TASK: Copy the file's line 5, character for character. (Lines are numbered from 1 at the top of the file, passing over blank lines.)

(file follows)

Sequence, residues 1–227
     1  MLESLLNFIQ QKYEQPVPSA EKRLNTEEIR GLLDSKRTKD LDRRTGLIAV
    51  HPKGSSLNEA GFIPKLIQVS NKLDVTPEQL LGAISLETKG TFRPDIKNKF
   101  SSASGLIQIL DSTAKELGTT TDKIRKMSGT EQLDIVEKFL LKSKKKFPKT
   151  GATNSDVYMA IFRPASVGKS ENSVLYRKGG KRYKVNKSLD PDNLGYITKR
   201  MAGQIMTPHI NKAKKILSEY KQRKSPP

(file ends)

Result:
   151  GATNSDVYMA IFRPASVGKS ENSVLYRKGG KRYKVNKSLD PDNLGYITKR